As will be understood by those skilled in the art, the inversion-layer channel 30 enables the supply of majority charge carriers (electrons) to the first base region 16, which is the base of the lowermost P-N-P-transistor formed by regions 14-18, when the anode region 14 is appropriately biased. Furthermore, the inversion-layer channel 36 prevents regenerative conduction between the coupled P-N-P and N-P-N transistors formed by regions 14-18 and 16-20, respectively, by shunting majority charge carriers (holes) from the second base region 18 to the diverter region 22 and to the cathode contact 24a. Accordingly, the formation of the channel 36 electrically "shorts" the second base region 18 to the cathode contact 24a and inhibits the injection of majority charge carriers (electrons) from the cathode region 20 to the second base region 18.

Next, as shown by regions I and V, regenerative conduction in the thyristor can be enabled by electrically disconnecting the second base region 18 from the diverter region 22 in response to the removal of the second bias signal from gate electrode 34. In particular, by applying a zero or positive bias to gate electrode 34, the inversion-layer channel 36, extending in the first base region 16, can be eliminated. Upon the elimination of the inversion-layer channel 36, MOS-gated control is provided solely by the first insulated-gate transistor 26.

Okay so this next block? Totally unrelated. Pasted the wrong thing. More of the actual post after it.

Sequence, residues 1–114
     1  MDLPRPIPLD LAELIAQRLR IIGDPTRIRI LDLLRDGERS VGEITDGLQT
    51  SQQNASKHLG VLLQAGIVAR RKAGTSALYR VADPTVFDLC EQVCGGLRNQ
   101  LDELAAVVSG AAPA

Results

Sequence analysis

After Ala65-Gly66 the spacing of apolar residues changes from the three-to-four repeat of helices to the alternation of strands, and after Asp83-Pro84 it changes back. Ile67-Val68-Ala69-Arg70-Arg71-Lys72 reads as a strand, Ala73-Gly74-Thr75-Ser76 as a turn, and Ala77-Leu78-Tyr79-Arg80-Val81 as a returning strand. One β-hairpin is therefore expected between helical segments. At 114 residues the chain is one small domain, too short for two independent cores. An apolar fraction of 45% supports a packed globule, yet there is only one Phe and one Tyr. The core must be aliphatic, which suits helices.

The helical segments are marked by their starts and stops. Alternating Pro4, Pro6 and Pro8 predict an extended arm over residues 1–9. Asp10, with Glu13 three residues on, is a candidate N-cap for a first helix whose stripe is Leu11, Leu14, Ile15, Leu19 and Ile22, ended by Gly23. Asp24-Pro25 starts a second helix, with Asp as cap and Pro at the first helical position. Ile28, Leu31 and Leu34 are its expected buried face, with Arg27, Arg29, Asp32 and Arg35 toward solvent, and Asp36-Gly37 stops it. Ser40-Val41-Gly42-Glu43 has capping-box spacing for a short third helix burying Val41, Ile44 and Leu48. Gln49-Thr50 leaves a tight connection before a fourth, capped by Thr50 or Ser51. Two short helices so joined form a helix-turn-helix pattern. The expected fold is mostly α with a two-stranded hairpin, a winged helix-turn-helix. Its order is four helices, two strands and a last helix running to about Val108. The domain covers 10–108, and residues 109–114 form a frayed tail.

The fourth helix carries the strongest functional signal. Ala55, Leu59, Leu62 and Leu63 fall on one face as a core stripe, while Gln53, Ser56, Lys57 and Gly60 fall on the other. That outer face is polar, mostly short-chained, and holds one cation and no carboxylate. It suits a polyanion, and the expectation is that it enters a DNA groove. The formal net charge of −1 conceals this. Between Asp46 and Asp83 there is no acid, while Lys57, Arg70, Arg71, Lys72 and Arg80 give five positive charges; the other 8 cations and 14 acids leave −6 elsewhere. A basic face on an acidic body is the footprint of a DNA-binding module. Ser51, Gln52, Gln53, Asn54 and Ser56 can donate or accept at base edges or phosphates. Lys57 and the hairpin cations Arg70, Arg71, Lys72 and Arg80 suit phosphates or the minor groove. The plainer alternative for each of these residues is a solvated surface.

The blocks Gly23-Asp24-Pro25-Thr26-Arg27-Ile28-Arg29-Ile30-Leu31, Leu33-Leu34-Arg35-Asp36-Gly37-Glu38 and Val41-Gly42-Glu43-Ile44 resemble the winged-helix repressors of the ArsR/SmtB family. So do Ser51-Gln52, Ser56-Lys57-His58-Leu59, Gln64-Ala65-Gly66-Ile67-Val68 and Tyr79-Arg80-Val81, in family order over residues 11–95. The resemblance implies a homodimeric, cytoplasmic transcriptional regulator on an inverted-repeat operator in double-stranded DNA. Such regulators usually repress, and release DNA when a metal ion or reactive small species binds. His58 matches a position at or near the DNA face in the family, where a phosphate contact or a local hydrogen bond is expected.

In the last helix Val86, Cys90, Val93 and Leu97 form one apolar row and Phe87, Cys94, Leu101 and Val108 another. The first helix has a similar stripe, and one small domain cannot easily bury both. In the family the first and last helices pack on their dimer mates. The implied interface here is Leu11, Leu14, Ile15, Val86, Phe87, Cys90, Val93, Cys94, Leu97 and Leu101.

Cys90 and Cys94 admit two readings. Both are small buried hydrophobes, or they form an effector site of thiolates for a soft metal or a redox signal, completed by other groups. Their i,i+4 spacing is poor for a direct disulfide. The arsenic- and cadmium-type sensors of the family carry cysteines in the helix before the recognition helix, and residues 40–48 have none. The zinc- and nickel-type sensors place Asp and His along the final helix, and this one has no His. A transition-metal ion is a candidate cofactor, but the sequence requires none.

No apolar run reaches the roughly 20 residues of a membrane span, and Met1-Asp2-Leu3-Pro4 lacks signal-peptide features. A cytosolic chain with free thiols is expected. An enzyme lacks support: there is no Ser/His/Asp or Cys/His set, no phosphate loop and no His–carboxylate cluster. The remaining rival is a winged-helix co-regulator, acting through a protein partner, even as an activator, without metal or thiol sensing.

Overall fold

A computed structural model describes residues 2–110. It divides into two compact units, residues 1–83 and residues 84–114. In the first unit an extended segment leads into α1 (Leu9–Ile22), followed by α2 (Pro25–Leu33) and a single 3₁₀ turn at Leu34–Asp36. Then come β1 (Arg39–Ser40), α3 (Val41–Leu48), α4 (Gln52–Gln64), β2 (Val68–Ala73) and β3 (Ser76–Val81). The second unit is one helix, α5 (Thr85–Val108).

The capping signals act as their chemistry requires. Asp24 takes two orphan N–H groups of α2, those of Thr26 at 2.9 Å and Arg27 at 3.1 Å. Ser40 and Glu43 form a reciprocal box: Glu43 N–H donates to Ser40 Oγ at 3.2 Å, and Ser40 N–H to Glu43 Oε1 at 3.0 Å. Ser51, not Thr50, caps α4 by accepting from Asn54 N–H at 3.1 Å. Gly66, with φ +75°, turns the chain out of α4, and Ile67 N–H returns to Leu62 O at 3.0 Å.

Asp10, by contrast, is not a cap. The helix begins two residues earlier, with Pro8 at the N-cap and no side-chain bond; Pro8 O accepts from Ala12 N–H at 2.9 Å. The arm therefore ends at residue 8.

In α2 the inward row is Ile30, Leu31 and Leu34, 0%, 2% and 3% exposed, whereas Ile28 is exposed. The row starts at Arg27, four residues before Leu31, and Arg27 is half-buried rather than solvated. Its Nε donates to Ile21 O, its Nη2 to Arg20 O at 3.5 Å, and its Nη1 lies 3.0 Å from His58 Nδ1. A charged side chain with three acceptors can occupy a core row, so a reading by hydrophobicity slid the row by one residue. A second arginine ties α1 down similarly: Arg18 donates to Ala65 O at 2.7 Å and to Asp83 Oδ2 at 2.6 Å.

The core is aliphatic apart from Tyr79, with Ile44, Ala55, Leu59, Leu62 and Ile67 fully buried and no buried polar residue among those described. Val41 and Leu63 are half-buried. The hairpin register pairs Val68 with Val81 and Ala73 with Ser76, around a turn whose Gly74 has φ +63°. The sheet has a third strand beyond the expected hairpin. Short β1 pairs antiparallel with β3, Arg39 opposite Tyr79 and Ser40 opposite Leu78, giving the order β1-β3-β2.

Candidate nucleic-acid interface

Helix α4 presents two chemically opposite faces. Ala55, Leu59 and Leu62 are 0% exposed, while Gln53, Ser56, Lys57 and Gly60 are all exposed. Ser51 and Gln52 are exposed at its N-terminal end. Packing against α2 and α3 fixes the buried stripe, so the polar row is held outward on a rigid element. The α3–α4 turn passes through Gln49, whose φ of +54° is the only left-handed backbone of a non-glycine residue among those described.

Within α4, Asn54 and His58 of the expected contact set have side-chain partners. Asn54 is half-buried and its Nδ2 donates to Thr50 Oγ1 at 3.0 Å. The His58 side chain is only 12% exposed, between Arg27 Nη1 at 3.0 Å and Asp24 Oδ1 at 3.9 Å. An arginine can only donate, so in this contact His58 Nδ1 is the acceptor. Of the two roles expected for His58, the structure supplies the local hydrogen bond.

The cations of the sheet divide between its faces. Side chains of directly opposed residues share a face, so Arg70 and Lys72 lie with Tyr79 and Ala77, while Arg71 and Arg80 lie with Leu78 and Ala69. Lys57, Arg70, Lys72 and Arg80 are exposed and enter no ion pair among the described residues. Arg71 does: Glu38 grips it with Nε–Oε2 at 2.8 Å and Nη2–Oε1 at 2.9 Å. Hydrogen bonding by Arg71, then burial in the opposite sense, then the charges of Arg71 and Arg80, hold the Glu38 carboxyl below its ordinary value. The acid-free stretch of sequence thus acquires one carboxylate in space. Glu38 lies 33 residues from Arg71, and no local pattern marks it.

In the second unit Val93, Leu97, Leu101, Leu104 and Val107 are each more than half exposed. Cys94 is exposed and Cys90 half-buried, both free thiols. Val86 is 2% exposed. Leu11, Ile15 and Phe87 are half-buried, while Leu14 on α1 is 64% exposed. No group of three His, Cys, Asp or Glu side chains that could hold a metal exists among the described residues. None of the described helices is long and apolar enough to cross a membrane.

Referring now to region III of FIG. 4, the device 10 may be rendered nonconductive by eliminating the inversion-layer channel 30, while preferably maintaining the channel 36 between the second base region 18 and the diverter region 22 in order to sweep away any remaining majority carriers in the second base region.

Simulations of the invention shown that dual-gated semiconductor switching devices 10 which have nominal blocking voltage ratings of 600 and 3000 Volts can be achieved with epitaxially-grown and bulk silicon substrates, respectively, having the parameters set forth in TABLE I. The donor or acceptor concentrations (ND or NA) are expressed on a per cubic centimeter basis. The concentrations for the second base, cathode and diverter regions (regions 18-22) correspond to the expected "post-diffusion" surface concentrations at the face 12a.

              TABLE I______________________________________            Thickness/DepthRegion        ND or NA                  600 V   3000 V Material______________________________________ANODE-14      1  1019                  500μ 10μ P-SiBUFFER-16b    5  1016                  10μ  0      N-SiDRIFT-16a     5  1013                  50μ  300μ                                 N-SiSECOND BASE-  1  1018                  3μ   3μ  P-Si18CATHODE-20    1  1019                  1μ   1μ  N-SiDIVERTER-22   1  1019                  1μ   1μ  P-SiGATE 1-28     1  1019                  --      --     N-Po1yGATE 2-34     1  1019                  --      --     N-Po1yCATHODE       --       3μ   3μ  Meta1CONTACT-24aANODE CONTACT --       3μ   3μ  Meta124b______________________________________